Love does not project.

There is no “enemy” out there who needs to be slain, fixed, or corrected. You are not my problem. The world is not my problem. The weather, the government… the church are not my problem.  I’m my problem… and even I’m not a problem.

Mature spirituality understands that the enemy lies within. I must be willing to confront my own shadow, my own unwillingness to be whole.

Jung asks:

3. But what if I should discover that the least among them all, the poorest of all the beggars, the most impudent of all the offenders, the very enemy himself — that these are within me, and that I myself stand in need of the alms of my own kindness — that I myself am the enemy who must be loved — what then?

To “love my enemy” begins with the willingness to acknowledge the “enemy” that lies within. Being able to love my external “enemy” begins with me loving every part of myself, even those parts I find most difficult to accept.

I am not other than those who cause me discomfort. I am not different from the one I choose to condemn. If I look honestly at myself, I will find some version of everything I label as “evil” lurking in the dark corners of my own inner life. There is no benefit in denial. I can only love and accept that which I am willing to see.

I am doomed to spend my life in fear of all I feel unable to love. I am the only one who can extend “kindness” to that which I would rather not admit. Love travels the path of self-awareness and honesty. Love is willing to look in the mirror and take responsibility for the reality that mirror reflects.

I have wasted too much of my life seeking this love in other places, hoping that you would help relieve me of the burden of my own demons. Somehow, I have believed that if you would only love me better, my dark side would no longer frighten me. I have sought in your embrace escape from the judgment and condemnation I have always been too ready to pour upon myself. When I look to you for that which can only be found within myself, I place an intolerable demand upon our relationship which will always end in frustration, disillusionment, and an endless litany of pain, unhappiness, and resentment when you fail to provide what I feel I need. You are not the author of my well-being.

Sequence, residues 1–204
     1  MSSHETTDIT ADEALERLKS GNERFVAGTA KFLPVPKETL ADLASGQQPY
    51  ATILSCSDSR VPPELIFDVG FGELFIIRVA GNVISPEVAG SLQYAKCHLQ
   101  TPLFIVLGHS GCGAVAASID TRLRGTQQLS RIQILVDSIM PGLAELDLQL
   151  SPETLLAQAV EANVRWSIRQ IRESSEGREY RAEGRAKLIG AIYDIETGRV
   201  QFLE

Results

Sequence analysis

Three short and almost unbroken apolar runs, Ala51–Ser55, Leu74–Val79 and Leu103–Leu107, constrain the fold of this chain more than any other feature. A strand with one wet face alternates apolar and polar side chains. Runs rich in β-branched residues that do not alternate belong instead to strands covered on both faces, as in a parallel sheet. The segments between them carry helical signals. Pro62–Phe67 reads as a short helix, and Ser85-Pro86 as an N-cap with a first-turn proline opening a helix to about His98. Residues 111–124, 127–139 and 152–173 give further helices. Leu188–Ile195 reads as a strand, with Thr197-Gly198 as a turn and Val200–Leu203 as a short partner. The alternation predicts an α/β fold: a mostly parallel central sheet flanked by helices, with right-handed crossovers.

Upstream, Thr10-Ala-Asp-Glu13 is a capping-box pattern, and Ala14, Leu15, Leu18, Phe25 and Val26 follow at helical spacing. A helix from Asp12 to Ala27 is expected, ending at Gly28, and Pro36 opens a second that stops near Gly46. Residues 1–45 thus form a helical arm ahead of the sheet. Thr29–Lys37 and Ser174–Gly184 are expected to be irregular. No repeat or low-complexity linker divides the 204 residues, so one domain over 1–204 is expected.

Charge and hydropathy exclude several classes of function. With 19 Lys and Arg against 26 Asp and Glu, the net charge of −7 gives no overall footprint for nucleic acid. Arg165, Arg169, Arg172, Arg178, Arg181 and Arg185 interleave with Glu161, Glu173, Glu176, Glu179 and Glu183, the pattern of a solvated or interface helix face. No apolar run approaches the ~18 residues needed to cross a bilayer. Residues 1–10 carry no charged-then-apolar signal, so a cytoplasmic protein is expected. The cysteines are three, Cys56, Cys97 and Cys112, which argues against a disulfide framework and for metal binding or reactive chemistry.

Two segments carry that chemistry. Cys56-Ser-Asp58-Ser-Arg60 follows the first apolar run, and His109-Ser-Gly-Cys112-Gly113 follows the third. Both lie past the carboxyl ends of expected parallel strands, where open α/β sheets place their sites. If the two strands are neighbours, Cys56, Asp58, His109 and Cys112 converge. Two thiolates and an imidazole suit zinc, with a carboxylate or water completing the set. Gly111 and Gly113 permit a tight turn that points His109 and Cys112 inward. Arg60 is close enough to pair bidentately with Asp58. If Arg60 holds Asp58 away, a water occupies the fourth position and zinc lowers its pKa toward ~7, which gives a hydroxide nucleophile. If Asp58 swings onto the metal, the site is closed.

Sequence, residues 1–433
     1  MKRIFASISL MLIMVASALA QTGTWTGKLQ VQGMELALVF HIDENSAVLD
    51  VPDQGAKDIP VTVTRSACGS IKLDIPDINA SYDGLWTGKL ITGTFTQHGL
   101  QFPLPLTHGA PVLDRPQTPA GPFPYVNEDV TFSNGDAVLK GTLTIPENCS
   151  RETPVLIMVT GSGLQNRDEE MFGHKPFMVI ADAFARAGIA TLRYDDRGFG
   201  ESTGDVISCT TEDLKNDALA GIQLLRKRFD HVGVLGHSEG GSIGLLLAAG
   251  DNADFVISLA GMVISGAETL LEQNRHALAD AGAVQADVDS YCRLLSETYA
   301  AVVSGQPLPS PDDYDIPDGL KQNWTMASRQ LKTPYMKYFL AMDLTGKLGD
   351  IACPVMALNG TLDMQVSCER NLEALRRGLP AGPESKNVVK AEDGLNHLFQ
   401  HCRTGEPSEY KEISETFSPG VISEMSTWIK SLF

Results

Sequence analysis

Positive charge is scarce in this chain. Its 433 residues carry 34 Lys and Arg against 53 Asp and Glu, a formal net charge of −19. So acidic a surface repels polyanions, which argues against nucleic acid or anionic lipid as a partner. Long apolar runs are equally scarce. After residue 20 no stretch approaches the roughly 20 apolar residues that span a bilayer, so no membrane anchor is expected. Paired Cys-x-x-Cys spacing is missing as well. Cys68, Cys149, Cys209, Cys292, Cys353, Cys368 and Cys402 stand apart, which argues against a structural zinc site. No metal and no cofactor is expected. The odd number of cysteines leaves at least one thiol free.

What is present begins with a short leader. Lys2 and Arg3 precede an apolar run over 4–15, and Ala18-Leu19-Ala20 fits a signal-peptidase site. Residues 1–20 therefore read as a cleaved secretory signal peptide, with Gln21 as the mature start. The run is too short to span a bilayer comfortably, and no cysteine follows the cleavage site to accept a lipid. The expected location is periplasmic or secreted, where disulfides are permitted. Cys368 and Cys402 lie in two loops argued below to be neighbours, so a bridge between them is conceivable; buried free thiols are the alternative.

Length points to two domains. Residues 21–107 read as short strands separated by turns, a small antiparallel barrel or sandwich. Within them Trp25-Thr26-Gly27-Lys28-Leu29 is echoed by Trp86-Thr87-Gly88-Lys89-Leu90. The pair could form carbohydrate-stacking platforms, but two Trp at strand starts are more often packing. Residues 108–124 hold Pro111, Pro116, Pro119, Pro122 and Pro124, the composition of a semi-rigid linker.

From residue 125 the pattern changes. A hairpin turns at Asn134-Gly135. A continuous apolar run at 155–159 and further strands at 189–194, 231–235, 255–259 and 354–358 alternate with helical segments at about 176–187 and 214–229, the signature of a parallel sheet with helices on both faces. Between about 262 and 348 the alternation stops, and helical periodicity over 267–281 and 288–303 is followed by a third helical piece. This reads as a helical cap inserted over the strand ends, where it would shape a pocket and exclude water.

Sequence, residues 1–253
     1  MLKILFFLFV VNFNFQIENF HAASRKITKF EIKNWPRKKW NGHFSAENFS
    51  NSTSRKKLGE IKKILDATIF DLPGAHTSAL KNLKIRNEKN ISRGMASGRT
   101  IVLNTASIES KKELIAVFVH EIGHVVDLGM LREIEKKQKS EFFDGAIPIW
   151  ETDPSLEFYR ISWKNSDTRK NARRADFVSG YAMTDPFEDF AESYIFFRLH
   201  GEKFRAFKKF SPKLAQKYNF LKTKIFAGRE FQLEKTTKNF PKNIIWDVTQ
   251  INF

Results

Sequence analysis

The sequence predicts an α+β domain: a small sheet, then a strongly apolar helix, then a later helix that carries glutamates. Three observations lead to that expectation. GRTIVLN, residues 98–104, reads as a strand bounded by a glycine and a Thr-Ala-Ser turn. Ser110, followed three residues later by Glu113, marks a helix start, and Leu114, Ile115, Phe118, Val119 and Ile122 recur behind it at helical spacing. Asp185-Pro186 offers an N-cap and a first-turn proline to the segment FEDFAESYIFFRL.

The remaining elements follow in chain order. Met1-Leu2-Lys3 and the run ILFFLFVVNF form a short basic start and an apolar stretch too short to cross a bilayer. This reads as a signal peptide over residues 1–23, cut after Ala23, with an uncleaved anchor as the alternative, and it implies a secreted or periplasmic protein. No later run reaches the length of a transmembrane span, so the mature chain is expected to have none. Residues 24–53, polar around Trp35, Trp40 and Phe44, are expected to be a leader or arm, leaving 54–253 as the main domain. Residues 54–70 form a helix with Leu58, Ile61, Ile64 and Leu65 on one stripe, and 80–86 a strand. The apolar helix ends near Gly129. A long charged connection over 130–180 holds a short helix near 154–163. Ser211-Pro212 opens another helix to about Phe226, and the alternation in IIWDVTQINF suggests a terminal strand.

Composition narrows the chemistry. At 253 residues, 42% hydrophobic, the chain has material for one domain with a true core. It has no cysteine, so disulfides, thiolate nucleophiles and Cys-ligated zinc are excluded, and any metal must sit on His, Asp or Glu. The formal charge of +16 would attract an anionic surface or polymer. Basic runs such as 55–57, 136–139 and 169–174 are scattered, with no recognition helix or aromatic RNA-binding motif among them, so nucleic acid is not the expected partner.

I approach spiritual maturity to the degree that I take responsibility for my own inner life.

When I give myself “the alms of my own kindness… what then?” “What then?” indeed. Then I begin to see that I am not defined by the dark parts of my personality. I will always be, to a greater or lesser degree, this duplicitous, dishonest, conflicted being I know at times I am. But, simultaneously, I will know that this dark picture never totally defines me. In the midst of the dark, there is always light. Beneath the surface turmoil there is always a small spot of stillness that is stronger and more real than those “enemies” against which I have wasted so much time wrestling.

I do not need to do away with my demons.

In his “Letters To A Young Poet,” Rainer Maria Rilke proposed,

Perhaps all the dragons in our lives are princesses who are only waiting to see us act, just once, with beauty and courage. Perhaps everything that frightens us is, in its deepest essence, something helpless that wants our love.

The embrace and acceptance that are the practices of love enable me to see my “dragons” as “princesses.”

To “love my enemies” is to know that I have no enemies. All those bumps in the road of my life are gifts. All those “dragons” are simply the means by which my heart breaks open and I touch my “deepest essence,” which is always the presence of love. We are united in the reality of our dragons. I seek to come to terms with my own inner demons, and leave you free to deal with yours.